His dream is to expand his count from 40,000 trees to 40 lakh trees but no official support is there to help him. However, there are still people who come to cut trees down to steal timber. Hence, he has to stay alert at all times. He is willing to take care of the trees till his last breath, but what would happen after him? The usual that happens with every other tree?
Story 3: This Man and his family created a 21-acre food forest over a period of 23 years.
This guy from Davangere, Karnataka, has created a forest which is spread across 21 acres of land consisting of trees of a variety of fruits, vegetables and spices.
Raghav belonged to a family of farmers who had been involved in farming since ages. His family had been doing agricultural activities for 7 generations. However, he had no knowledge about farming, in 1996, when his grandfather gave him his 1st coconut tree. He always thought that farming was really easy and needed very fewer efforts at physical as well mental level.
However, his thoughts took a surprising turn when he got an opportunity to get involved in his own family’s business. Being brought up in a family of farmers, his upbringings motivated him to complete his MBA and become an agricultural entrepreneur.
Raghav’s first step in farming involved on-farm visits, workshops on farming techniques, reading books of professionals and farming experts. He often came across various farmers who knew much more about sustainable farming even after staying in remote villages.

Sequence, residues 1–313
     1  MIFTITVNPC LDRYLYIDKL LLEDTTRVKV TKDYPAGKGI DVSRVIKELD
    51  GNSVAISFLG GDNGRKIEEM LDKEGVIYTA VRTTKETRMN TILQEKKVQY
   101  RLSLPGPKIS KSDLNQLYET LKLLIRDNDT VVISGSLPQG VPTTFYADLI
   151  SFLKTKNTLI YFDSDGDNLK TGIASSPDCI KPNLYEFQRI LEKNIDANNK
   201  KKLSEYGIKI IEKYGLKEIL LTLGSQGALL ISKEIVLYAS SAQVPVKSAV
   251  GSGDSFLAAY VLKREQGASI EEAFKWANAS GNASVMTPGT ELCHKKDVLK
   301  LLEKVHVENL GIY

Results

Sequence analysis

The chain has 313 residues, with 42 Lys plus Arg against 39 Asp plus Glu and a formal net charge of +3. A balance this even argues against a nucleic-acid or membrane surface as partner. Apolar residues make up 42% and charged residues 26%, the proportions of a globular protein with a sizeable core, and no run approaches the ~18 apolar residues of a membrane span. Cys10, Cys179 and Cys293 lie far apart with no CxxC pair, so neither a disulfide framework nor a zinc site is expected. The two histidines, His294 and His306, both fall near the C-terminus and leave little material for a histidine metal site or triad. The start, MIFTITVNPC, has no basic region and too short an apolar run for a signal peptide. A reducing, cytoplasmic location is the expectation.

Interacting with them helped Raghav to understand that farming techniques are a matter of learning, as vast as any other science and learning new and innovative farming techniques are a matte of regular learning. As a result, he decided to drop his idea of entrepreneurship and adopt a lifestyle that is driven with satisfaction and enthusiasm.
Masanobu Fukuoka’s principles of Natural Farming inspired Raghava to transform the ancestral mono-culture of coconut farming into a food forest without using any artificial fertilisers, pesticides and even cultivation or weeding.
With 23 years of dedication, learning and a lot of innovative farming, Raghav has been able to transform a 21-acre land into a forest, which is decorated with a variety of trees including fruits, vegetables, tubers, spices, ornamental, medicinal and aromatic plants. A range of birds species, animals, insects, and microorganisms also form part of this small forest family. The forest created by Raghav and his family is called ‘Aikanthika’. They wish to foster an idea of Natural Farming along with natural living.
The family has now started a space for people to foster Conscious Experiential Co-learning and Co-evolving Space for Natural Farming & Living. People from around the world are coming to join them in this program. People are taught to adopt natural farming, learning & living which involves healing activities (alternative lifestyle and health systems), eating natural foods (organic, indigenous), building houses (mud, bamboo, stone, wood, treehouse) and clothing (spinning, natural dyeing, stitching, knitting).
Apart from these eco-friendly toilets, saving indigenous seeds, fish farming, cattle rearing etc are also some of the activities which are taught, learned and adopted in ‘Aikanthika’.
Looking at the stories of these amazing people, it seems that recreating forests may take up to years of hard work and dedication but it is not definitely impossible. Share these inspirational stories with everyone around. Let us all take a step further to foster this idea.